Edith Wharton Restoration, a.k.a The Mount, was founded by in 1980 by Shakespeare and Co., the theatre group that set up shop there in 1978, after the property had been left vacant years earlier by the Foxhollow School. In 2001, Shakespeare and Co. moved from the Mount and in recent years, the Edith Wharton Restoration has been plagued by financial problems, which led to the resignation of its president under the threat of foreclosure in 2008 when it defaulted on repayment of a $4.3 million loan. The National Endowment for the Humanities gave it a grant that helped re-structure the debt. Edith Wharton Restoration has won several preservation awards, including from the Commonwealth of Massachusetts and the National Trust for Historic Preservation.
The Mount contact info.
- 2 Plunkett Street- Box 974-Lenox, MA 01240-0974;
- Open daily May 1 – October 31 – 10am to 5pm;
- Admission: $16 adults; $13 college students; 18 – under free;
- Phone: (413) 551-5111 –
- Web: edithwharton.org
Driving directions to The Mount
[mappress mapid=”98″ width=”100%” height=”400″ adaptive=”true”]Continue reading The Mount Edith Wharton Restoration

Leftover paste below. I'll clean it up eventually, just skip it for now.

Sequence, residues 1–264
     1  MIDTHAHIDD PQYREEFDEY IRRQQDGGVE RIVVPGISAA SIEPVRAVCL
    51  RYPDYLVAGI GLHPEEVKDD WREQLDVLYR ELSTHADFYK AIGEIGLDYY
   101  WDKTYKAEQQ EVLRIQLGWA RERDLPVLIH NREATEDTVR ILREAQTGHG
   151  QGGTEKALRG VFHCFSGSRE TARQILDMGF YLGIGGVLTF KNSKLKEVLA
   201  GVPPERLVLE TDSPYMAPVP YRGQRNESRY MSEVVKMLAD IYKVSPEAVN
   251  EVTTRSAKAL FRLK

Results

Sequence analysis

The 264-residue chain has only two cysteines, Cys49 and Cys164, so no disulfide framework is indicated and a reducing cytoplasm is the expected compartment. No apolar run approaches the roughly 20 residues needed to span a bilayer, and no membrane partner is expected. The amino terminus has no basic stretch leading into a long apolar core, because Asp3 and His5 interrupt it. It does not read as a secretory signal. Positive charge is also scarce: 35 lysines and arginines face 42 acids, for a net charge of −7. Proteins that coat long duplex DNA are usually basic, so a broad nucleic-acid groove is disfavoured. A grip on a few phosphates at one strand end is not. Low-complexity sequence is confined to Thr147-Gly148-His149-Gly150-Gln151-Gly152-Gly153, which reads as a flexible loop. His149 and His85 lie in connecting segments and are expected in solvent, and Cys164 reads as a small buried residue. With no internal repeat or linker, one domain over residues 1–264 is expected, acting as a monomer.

Happy 40th Anniversary Garrison Keillor and A Prairie Home Companion, broadcasting the final program of their 39th year on June 28, 2014 at Tanglewood. The Berkshires have been on the show’s itinerary every year since 2000; the July 2, 2006 show, featuring Meryl Streep, was recorded for the PBS series Great Performances.
I got hip to A Prairie Home Companion around 1980, at a time in my life when sitting still indoors with the radio on was the last thing on my mind. Today, that’s my favorite pastime! Whatever it was about the show that got my attention initially is lost to memory; it may have been an ad for the Sidetrack Tap, Bob’s Bank, or Bertha’s Kitty Boutique, or a musical guest, rarely heard on radio, such as Chet Adkins, or Johnny Gimble?